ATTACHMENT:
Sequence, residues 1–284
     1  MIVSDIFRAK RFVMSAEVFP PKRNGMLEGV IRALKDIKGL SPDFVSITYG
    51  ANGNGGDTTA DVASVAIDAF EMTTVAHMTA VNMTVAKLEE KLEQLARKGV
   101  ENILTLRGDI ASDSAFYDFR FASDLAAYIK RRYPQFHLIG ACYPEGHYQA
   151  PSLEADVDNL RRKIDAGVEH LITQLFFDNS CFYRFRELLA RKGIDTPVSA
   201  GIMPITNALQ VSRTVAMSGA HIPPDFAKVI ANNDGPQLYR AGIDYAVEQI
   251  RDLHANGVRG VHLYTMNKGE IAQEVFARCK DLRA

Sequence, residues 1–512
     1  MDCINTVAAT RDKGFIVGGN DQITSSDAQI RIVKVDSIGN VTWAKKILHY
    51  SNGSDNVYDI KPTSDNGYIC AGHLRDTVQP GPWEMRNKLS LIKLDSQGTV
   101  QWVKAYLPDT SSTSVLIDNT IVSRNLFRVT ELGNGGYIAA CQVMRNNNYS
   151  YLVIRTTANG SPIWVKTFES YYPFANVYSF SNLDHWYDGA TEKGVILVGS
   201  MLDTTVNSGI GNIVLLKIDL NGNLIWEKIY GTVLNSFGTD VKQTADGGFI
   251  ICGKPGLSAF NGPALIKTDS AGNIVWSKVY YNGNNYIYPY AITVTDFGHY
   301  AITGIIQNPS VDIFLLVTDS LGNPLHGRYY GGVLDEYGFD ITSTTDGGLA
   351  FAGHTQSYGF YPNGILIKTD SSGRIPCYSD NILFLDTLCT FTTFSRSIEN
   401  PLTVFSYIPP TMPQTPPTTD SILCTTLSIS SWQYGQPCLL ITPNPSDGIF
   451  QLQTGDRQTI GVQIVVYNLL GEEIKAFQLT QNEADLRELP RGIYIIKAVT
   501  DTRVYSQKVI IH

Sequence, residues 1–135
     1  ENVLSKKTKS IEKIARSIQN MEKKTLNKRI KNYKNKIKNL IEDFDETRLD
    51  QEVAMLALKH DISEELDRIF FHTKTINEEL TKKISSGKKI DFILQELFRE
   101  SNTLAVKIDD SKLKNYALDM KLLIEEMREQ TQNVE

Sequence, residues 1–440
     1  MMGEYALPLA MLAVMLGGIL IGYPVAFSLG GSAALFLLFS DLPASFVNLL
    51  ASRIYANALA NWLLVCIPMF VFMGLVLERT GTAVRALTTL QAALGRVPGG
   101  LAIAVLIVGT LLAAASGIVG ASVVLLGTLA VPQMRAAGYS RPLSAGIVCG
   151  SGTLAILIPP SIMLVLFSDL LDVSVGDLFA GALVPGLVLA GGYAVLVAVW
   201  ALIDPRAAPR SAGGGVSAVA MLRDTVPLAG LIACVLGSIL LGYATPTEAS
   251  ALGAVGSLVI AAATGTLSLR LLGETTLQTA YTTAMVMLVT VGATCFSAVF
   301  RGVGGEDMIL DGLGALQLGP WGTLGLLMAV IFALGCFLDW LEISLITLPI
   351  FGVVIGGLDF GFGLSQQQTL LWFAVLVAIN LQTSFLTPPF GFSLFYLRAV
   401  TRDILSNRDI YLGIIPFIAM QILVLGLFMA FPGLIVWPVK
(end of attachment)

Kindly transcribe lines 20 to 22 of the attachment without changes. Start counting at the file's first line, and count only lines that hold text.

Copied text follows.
Sequence, residues 1–135
     1  ENVLSKKTKS IEKIARSIQN MEKKTLNKRI KNYKNKIKNL IEDFDETRLD
    51  QEVAMLALKH DISEELDRIF FHTKTINEEL TKKISSGKKI DFILQELFRE